We talked about reinvention, and revision. About a different ending, and about how sometimes, when you don’t know who this voice in your head is, all you have to do is ask. We discussed picking a cold place for a story, going to Paris, and passing: passing up, passing for, passing through. We did some math: What is love plus freedom in your book, and what does love minus freedom equal?
We had a wonderful day in Baltimore, Bernice McFadden, Jacqueline Luckett, Leila Cobo, Linda Duggins and I. It was an encounter made possible in part by Joy Bramble, publisher of the Baltimore Times whose earlier chance encounter with Linda Duggins began with “My feet were killing me…”. Many thanks to the Enoch Pratt Library, Judy Cooper, and everyone who supported the event, who came, who asked questions.
At one point, an audience member got up and gave us an amazing gift. She had read every book, and she told us what she learned from each one and the reasons why she will never be the same person as she was before she read them. Thank you, Ella Curry, for your words.
Love plus freedom: math I never had to do in school.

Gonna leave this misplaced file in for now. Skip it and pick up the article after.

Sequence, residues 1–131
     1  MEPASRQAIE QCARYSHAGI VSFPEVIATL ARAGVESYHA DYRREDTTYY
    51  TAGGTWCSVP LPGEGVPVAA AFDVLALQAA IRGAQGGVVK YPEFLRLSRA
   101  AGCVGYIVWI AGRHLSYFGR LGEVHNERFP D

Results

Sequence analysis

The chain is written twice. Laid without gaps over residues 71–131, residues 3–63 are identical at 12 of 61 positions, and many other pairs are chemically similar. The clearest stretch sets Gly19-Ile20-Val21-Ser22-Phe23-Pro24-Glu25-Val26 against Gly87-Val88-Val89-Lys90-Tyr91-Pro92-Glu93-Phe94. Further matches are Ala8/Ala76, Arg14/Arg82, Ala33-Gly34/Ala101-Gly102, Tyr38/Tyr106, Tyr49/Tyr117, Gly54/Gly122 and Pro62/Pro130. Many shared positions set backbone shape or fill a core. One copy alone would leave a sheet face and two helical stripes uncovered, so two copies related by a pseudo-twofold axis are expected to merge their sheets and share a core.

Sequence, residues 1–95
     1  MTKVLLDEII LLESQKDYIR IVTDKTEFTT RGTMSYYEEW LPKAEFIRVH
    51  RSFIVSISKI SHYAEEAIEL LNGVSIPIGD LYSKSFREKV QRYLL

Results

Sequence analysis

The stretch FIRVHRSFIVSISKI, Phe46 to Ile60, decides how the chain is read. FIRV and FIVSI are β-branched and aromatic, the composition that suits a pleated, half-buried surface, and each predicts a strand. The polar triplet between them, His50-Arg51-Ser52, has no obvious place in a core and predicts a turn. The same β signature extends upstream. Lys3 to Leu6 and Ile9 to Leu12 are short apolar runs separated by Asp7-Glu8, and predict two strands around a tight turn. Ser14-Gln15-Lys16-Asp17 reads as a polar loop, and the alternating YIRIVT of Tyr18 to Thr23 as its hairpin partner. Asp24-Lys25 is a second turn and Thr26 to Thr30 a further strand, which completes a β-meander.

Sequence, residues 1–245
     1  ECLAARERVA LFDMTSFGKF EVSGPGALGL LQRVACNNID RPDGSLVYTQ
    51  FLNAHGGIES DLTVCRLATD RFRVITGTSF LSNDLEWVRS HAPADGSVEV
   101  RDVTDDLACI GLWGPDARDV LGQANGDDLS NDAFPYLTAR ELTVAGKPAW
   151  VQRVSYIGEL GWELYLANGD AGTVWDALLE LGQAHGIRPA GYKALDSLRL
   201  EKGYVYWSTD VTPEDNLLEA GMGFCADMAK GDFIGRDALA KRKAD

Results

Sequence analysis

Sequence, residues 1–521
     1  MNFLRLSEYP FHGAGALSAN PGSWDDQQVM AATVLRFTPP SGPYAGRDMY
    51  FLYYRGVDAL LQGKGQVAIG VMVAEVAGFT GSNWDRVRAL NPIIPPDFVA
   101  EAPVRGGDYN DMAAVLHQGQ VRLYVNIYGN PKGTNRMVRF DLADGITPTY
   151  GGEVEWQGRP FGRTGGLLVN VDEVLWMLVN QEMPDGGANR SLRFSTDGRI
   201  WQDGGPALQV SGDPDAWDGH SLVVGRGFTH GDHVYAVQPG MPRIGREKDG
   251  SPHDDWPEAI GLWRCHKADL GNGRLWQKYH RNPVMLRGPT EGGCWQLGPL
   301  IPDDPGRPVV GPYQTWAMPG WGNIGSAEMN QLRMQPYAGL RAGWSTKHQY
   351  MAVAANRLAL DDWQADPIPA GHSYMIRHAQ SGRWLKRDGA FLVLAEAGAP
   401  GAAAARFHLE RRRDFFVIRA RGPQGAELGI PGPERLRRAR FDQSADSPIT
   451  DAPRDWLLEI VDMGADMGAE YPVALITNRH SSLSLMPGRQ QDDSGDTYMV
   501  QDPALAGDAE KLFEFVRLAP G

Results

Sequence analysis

What does love plus freedom mean to you?
Posted: March 12th, 2012
, Hiroshima in the Morning
, The Writing Life
, Bernice McFadden
, Black Pearls
, Enoch Pratt Library
, International Women's History Month
, Jacqueline Luckett
, Leila Cobo
, Linda Duggins
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Looking forward to a March 10th discussion in Baltimore on “the intersection of place, time and culture in literature and in the lives of women” with four amazing women:
Leila Cobo, a Fulbright scholar from Cali, Colombia, novelist, pianist, TV host, and executive editor for Latin content and programming for Billboard. She is considered one of the country’s leading experts on Latin music. She is the author of Tell Me Something True. Her second novel, The Second Time We Met (Grand Central Publishing), will be released February 29, 2012. (www.leilacobo.com)
Jacqueline Luckett, author of Searching for Tina Turner and the newly published Passing Love (Grand Central Publishing). She participated in the Voices of Our Nations (VONA) writing workshops and, in 2004, formed the Finish Party along with seven other women writers-of-color. (www.jacquelineluckett.com)
Bernice L. McFadden, author of seven critically acclaimed novels, including Sugar and Glorious. She is a two-time Hurston/Wright Legacy Award finalist. In her new novel, Gathering of Waters (Akashic Books), McFadden brings her own vision to the story of Emmett Till and the town of Money, Mississippi. (www.bernicemcfadden.com).
Linda A. Duggins, moderator from the Hachette Book Group.
More details here